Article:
A Winter Tale



John loved this time of year. The summer was long gone and now Christmas was just two days away. The cold crisp mornings looked beautiful. The sun low in the sky shone through winter snow clouds, lighting up the frost along each branch of bare trees and twinkled like Christmas lights. The cold air made breath linger, looking like fog.

It wasn’t easy getting up so early on these cold mornings to do a paper round, leaving behind a warm cosy bed. But John had to help his parents to make ends meet; these were difficult times. His father had suffered a severe head injury at work six months ago, and this had stopped his working life abruptly. Mum had increased her working hours at the local hospital. John aged thirteen was still at school, but he wanted to contribute to the household budget. Each week he would give all his wages apart from £5 to Mum. There was a reason for this – he was trying to save enough money to buy the beautiful model car that stood in the window of the Model Shop he passed twice each day whilst on his rounds. The Lamborghini was silver with such detail it was breath-taking. The shop owner could set his watch by John’s daily visits.

The time was 5.30pm, his paper round was finished and it was payday. As usual, John would open the small brown envelope to take out his £5 and then put the rest safely in his pocket for his Mum.

It started to snow and the little town lights were throwing a misty glow along the busy town centre. People were filled with the Christmas atmosphere. All the shops were staying open until late. John stood a while longer to take in the scene. There was a stall selling roasted chestnuts and the Salvation Army were playing Christmas carols. As John walked through the narrow streets to the bus station, he worked out his savings and knew with today’s money he had enough to buy his beloved Lamborghini. The rest of the money was at home and he would return the following day, Christmas Eve, to buy the car.

The snow had fallen silently all night and by morning there was quite a covering. Buses crunched the fallen snow into clearways for other vehicles to follow; cars inched their way carefully.

John helped his Mum with the rest of the decorations and despite money being short, the house was filled with Christmas cheer. The mince pies and sausage rolls were in the oven and the cake was ready for icing. This was always Dad’s job. He enjoyed putting a Christmas scene made from icing in the middle of the cake. It was a work of art – little snowmen and children making their way down a snow-covered hill in their toboggans. And finally – a beautiful gold band around the side.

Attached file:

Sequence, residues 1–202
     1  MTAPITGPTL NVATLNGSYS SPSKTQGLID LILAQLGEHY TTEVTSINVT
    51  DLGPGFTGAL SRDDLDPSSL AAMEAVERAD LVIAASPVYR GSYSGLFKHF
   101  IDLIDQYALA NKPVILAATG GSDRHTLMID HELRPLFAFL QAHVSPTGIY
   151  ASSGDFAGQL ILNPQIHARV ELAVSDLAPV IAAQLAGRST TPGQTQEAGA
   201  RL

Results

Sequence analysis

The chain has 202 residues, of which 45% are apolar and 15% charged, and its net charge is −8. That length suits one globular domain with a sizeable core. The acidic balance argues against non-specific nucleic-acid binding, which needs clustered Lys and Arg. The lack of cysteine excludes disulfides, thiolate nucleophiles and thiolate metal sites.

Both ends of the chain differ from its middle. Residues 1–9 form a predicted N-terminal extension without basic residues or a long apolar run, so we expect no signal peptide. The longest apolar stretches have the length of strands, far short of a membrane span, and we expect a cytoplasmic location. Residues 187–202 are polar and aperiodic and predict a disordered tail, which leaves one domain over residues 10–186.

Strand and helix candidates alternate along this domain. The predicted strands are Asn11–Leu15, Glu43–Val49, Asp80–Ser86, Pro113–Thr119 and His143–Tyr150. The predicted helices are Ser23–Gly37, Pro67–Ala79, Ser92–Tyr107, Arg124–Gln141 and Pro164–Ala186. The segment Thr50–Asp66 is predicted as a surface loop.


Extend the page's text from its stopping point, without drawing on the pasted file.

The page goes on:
The tree was always dressed on Christmas Eve. Tinsel ornaments and twinkling lights carefully draped the tree from top to bottom. Yet another masterpiece! With everything finished, John left for the short journey back into town. He had already

bought Mum and Dad’s presents. So now was the time he had longed for, over weeks of careful saving.

The bus was full of families with young children longing for this day to be over. At the station it was Christmas chaos. Hundreds of people thronged the pavements. John turned the corner into Liberty Square. The model shop was just down the end on the left. He could see the sign just above the door; he would soon be carrying his dream home. As he passed an alleyway John heard someone crying. A small figure of a girl was sobbing; her hands covered her face. John approached slowly, not wanting to frighten her. ‘What’s the matter?’ he asked, kneeling down in front of her. The little girl looked up at him, eyes wet with tears. ‘I can’t get home’ she said ‘I’ve lost my bus fare’.

John was always a kind lad and the scene of a lonely and frightened little girl stole his heart. ‘Come on’ he said ‘ Let’s get you to the station and find the bus you need to get home.’ He stood up and the little girl put her hand in his. Warmly dressed and well spoken, Jasmine said she had lost her purse and become separated from her friends. John found the next bus to the girl’s village, paid for the fare and saw that she was safely inside.

Making his way back to the Model Shop, John realised that he did not have enough money to buy the car now and when he arrived, the shop had closed. His heart sank. He pressed his face against the window. The Lamborghini had gone! What a Christmas this was turning out to be. He decided not to tell his Mum and Dad about it. He did not want to spoil their Christmas too. So, he put on a smile and when he arrived at the door he sang carols and laughed when Mum arrived at the door carrying a tray of goodies.

Christmas was wonderful as usual. John could not remember having a bad one. Good company, good food and presents. What more could he ask for ……

Before long it was Twelfth Night and time for the decorations to be packed away. John always felt sad on this day. The tinsel and ornaments were packed in their boxes and stored in the attic. As John manoeuvred the container holding the tree towards the front door, something fell from behind the tree. He looked across to Mum and Dad but they looked puzzled too. John unwrapped the brown paper parcel tied with string. He opened the box and looked – mouth open, eyes wide. Words failed him.

‘What is it?’ asked Dad. John lifted the item out of the box. ‘How did it get there?’ ‘When did it arrive?’ His parents did not seem to have the answers, but that did not matter. The moment was very special. There in all its glory was his beautiful Lamborghini. He would cherish it always.

To this day, John would wonder about that Christmas years ago, still puzzled over that one question – WHO PUT IT THERE?

By Maureen Richards